Blanca came back in the room and asked Vern how it went and he looked at me, looked at Blanca and said to her, “Well, It would go a lot better if she told me she wants to do it! Or tell me anything……….she’s just staring at me.” To which I finally responded that I would be delighted to run the program.
Over the next few months I cold called businesses and got the hang of the program. I got to know Vern better and really began to like my new job! I had “banker’s hours” and got to basically do whatever I wanted, which probably rubbed some people the wrong way. Retail is full of bitter people and I met many of them.
The only thing that got me nervous was that the nearer Christmas got I wondered what would become of me when the job was over. Where would I go then? Well, I was ecstatic when Vern took me to lunch three days after Christmas. He asked me if I had any idea where we ended up financially and I told him that I knew we were over ten thousand but I didn’t know the final number.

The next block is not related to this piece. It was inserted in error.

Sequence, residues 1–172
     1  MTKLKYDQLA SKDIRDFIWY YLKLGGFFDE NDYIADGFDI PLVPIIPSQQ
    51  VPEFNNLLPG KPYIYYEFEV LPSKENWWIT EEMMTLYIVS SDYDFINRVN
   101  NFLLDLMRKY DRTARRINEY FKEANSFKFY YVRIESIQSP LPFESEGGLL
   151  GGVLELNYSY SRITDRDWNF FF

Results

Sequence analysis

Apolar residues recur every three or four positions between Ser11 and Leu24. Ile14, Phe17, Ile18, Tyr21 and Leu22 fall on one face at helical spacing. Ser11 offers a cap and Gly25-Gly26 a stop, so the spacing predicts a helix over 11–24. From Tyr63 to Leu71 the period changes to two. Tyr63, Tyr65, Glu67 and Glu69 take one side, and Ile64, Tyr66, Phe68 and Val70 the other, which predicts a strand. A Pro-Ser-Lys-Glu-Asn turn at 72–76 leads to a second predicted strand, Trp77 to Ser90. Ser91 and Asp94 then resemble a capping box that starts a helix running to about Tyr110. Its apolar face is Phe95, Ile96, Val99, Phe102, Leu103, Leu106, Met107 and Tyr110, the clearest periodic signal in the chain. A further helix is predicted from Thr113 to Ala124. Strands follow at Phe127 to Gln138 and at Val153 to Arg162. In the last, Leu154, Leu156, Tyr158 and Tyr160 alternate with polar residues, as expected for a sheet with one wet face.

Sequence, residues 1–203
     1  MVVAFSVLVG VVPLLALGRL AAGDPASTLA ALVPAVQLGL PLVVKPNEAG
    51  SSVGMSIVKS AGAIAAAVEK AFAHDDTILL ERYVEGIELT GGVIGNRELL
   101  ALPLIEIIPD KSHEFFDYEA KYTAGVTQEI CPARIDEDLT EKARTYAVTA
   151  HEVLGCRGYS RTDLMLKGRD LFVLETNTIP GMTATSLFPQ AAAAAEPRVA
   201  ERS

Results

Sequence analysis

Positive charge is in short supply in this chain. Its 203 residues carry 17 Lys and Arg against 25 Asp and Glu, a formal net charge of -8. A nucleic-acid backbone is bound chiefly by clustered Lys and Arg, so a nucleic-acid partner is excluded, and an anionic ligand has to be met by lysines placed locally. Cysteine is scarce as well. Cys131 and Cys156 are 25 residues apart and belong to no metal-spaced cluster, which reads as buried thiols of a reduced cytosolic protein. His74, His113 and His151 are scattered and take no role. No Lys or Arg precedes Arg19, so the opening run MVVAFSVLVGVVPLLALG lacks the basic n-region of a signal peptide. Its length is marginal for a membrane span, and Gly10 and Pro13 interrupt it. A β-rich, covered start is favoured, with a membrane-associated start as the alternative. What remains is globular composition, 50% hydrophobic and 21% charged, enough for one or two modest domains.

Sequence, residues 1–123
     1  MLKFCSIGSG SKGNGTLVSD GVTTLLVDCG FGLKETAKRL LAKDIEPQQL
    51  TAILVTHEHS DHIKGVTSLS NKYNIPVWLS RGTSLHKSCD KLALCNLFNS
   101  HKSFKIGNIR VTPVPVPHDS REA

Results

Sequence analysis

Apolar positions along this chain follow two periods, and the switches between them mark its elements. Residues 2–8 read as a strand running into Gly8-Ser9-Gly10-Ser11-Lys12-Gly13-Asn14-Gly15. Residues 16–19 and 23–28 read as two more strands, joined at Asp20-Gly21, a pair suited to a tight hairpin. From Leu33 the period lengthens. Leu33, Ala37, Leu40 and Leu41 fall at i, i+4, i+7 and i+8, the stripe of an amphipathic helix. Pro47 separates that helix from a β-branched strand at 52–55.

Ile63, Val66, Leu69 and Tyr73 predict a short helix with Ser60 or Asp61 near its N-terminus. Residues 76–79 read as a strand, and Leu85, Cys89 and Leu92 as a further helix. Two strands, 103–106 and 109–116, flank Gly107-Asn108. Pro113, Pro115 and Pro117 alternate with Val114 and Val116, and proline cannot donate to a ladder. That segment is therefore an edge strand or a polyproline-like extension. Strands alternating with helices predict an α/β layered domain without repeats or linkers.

We ended that year with nearly nineteen thousand dollars. Just a bit of a leap from the previous years six! He told me that he was really proud of the job I’d done and that I had been invited to a luncheon at the home office in Detroit where I had earned a prize for having the highest percentage increase over LY totals! I got a $50 gift selector and a twenty five cent raise. Now, the most I had heard of any raise was fifteen cents an hour, so I was in shock!